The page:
I know Nancy Drew can solve any mystery, but she also has the bizarre ability to inflict nostalgia on any woman, regardless of age. Lately I've read lots of (similar-sounding) articles about how everyone from Ruth Bader Ginsburg
to, oddly enough, Mariane Pearl
looks up to the Stratemeyer Syndicate heroine. I guess I'd count myself among her fans. I taught myself how to speed-read on Nancy Drew novels when I was little--I'd read a couple each night and sometimes refused to come to dinner until I finished one--so Nancy taught me more about patterned reading than she did about examining every last detail. (This habit will have come back to haunt me by the end of the post.)
I ended up sitting in front of a row of 13-year-old girls at a recent matinee screening of the new Nancy Drew movie
. They were adorably self-conscious about their own nostalgia, as each advertisement and preview brought on another giggled chorus of memories. "I went to Build-a-Bear for my eleventh birthday, but I'm too old for it now," one of them said about the advertisement for the stuffed animal store. She added, "They're so cute, though!" They sang along to every lyric in the Hairspray!
movie preview--itself a mishmash of all sorts of nostalgia for the 1960s, John Waters and the '80s nostalgia for the '60s, and, apparently, last spring's trip to Broadway for someone's twelfth birthday party. When the preview for the new Harry Potter movie appeared, one of them exclaimed that she wished she could go back to the time when there were still more Harry Potters to look forward to.
I caught my breath at the first shot of the movie, a picture of all the blue and yellow spines of the first series of Nancy Drew books (the first 56 in the series). I still have some of my old Nancy Drew books, although I bought most of them used. As such, Nancy has a fierce-looking anarchy tattoo on the cover of the The Secret of the Old Clock.
The movie isn't very good because it can't decide what it wants to do--be a teen movie or a straight-faced Nancy Drew story. The detective story isn't compelling, and the teen movie stuff is stale and forced. I'm not sure that the lurches in tone and style can be called post-modernist (as this reviewer does)
, but the movie ends up thematizing itself in all that self-conscious nostalgia for old movie stars, old girls' detective novels, and fantastic vintage clothing. I desperately want the polka-dot and stripes dress she wears to her birthday party.
I laughed at Anthony Lane's review of the film in the New Yorker
, which takes the form of a dialogue between Julia Roberts and her niece, Emma, who plays Nancy in the film. It's written like the old Nancy Drew stories:
“It was splendid,” replied Emma, pausing to adjust the headband on her fine reddish hair. “The story begins in River Heights, a town full of delightful white people. I am motherless and my father is a lawyer, so both of us are rather sad! For a treat we move to Los Angeles, where the girls at my new school say I remind them of Martha Stewart. They are so ‘right on,’ it really is a joy!”
“And what happens next?” asked Emma’s aunt, her excitement mounting.
“Well, the house the Drews are renting once belonged to a movie star—you know, one of the super-old ones.”
“Like Lana Turner?”
“Skip it. Who plays the part of the actress?”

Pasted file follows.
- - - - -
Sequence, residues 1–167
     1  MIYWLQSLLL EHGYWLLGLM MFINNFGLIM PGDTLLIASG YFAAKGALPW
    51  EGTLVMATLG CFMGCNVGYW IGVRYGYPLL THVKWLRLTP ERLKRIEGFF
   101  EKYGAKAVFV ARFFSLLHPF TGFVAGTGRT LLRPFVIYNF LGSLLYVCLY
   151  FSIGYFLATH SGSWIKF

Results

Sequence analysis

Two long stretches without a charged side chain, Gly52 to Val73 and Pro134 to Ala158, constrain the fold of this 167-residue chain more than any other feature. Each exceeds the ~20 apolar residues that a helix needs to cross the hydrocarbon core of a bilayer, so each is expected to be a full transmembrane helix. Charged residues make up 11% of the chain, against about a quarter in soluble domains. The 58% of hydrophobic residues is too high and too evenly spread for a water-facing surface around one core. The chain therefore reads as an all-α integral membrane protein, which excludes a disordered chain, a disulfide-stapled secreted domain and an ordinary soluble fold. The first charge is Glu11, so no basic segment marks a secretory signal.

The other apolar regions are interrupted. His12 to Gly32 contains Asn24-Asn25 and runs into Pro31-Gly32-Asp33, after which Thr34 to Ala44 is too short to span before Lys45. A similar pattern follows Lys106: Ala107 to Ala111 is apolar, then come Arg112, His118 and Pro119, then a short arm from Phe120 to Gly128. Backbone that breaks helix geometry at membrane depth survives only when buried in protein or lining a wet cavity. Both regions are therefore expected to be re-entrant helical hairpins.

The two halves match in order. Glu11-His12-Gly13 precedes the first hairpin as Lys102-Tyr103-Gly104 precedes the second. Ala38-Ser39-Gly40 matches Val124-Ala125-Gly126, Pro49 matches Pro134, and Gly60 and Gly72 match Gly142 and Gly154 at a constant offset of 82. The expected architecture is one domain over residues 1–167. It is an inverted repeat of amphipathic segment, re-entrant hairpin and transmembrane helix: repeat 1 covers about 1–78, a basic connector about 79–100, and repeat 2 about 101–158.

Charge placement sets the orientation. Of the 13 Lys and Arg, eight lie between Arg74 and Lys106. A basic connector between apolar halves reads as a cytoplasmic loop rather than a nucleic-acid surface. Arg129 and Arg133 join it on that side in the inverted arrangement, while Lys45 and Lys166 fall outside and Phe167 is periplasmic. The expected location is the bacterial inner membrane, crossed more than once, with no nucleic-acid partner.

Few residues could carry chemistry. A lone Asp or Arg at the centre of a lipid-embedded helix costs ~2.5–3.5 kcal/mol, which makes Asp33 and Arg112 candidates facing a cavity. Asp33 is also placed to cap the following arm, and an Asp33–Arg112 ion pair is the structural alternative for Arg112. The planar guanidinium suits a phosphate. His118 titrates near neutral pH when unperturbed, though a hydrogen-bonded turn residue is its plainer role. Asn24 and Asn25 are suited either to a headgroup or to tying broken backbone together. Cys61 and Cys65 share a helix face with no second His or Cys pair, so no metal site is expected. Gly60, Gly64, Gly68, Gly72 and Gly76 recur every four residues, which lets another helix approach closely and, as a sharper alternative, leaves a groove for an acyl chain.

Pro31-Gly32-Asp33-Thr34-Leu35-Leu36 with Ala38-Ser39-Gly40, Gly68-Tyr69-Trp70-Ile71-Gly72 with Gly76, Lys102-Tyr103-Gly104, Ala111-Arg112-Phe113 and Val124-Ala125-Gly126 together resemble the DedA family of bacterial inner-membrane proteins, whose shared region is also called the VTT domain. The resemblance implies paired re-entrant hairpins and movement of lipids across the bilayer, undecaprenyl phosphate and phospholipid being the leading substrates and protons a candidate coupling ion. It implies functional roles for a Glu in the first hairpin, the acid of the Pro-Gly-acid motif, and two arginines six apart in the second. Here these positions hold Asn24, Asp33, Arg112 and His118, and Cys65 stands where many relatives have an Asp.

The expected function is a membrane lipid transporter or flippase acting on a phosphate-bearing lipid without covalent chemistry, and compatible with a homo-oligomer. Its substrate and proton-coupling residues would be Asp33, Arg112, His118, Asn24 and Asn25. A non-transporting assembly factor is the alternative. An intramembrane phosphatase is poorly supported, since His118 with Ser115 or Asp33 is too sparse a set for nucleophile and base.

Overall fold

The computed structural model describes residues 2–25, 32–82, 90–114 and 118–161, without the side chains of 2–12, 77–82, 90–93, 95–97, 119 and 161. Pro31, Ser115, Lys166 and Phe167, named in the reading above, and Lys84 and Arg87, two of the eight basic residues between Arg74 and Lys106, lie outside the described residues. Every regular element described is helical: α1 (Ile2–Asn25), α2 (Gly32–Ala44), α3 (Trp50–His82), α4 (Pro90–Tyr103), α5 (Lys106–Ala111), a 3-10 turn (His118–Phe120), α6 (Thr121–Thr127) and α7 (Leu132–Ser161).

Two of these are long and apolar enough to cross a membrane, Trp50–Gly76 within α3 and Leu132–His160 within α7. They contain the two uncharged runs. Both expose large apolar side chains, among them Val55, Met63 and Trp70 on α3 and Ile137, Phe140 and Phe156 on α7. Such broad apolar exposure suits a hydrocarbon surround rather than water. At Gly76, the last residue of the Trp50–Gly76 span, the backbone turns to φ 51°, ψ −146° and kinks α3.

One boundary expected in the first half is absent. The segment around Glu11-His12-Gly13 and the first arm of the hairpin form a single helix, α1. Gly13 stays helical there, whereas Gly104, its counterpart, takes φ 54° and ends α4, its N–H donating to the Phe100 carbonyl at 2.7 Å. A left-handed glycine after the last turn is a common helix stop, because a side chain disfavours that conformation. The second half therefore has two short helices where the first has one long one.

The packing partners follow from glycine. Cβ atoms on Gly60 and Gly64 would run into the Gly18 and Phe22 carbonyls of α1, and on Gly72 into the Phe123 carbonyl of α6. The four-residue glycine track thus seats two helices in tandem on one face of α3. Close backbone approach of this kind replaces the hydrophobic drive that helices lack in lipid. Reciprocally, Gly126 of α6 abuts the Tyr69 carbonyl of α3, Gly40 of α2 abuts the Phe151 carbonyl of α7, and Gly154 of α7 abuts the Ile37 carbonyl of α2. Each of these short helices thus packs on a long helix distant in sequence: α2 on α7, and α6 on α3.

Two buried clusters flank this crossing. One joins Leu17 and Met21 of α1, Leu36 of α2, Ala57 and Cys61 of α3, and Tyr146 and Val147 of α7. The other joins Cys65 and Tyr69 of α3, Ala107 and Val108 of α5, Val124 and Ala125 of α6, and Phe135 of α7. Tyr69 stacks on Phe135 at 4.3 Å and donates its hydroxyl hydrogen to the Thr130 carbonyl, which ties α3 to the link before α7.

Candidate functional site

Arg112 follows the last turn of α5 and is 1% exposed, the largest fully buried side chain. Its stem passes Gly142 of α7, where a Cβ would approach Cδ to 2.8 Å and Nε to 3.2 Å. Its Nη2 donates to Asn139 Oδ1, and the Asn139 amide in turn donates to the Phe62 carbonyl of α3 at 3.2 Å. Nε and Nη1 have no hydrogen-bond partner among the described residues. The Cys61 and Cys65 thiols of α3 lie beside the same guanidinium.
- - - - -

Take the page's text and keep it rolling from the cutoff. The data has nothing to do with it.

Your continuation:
“The beautiful Miss Laura Elena Harring. After some ace detective work, I discovered that she was in a film called ‘Mulholland Drive,’ which dealt with similar material. Isn’t that coincidence just a little too suspicious? And the plot leads Nancy to a resort by the name of Twin Palms. Another clue! To sum up, a friend of mine said the film was like Lynch without the lesbians or the dwarves. What are lesbians, Aunt? Are they friends of Snow White’s, too?”
“More than you will ever know, dear.”
That note about David Lynch reminded me of my own mortified nostalgia--that's one of the driving forces of Mulholland Drive
, right?--at re-encountering Nancy Drew when I was eighteen years old. One day at school I saw a girl holding a book with the title The Good-for-Nothing Girlfriend
. Ever humorless and vigilant about addressing problematic gender roles, I pursed my lips and asked if I could see the book. The cover illustration of a 1950s titian-haired ingenue looked like a Nancy Drew cover, but the cover said it was a Nancy Clue
book. Who was perverting the feminist legacy of Nancy Drew?! I took up the case with equal parts puzzlement and self-righteousness. The girl said she had gotten it from the library, so I stalked up to the front desk and asked the librarians why they had ordered such a sexist book. Were there more of these inappropriate knock-offs in the library? They gave me the call number for The Not-So-Nice Nurse
. I flounced to the stacks to get it.
I took the book from the shelf, sighed dramatically at the confines of the gender role in the title, and began to turn the pages angrily. The first few pages read like an alternate universe of the books I had grown up reading: Nancy Drew was named Nancy Clue; the housekeeper Hannah Gruen was Hannah Gruel; and River Heights was named River Depths. I stopped speed-reading for sexism and started to pause at the sexual innuendoes in the book. I turned the book over to look for clues in the mysterious volume.
It was a lesbian satire of Nancy Drew. The two books by Mabel Maney
are really funny send-ups of the old books. Nancy Clue is a drunken flirt who needs Cherry Aimless (a joke from the old Nurse Cherry Ames books from the Stratemeyer Syndicate) to bail her out. River Heights changes location from state to state in each chapter (like Springfield on The Simpsons
I told this story when I was at Barnard and laughed about all that flouncing and pursed lips about problematic gender roles; I realized I'd become a more low-key and thoughtful feminist since high school. Much to everyone's relief. So, thanks for making me a better feminist close reader, Nancy Drew (and Nancy Clue).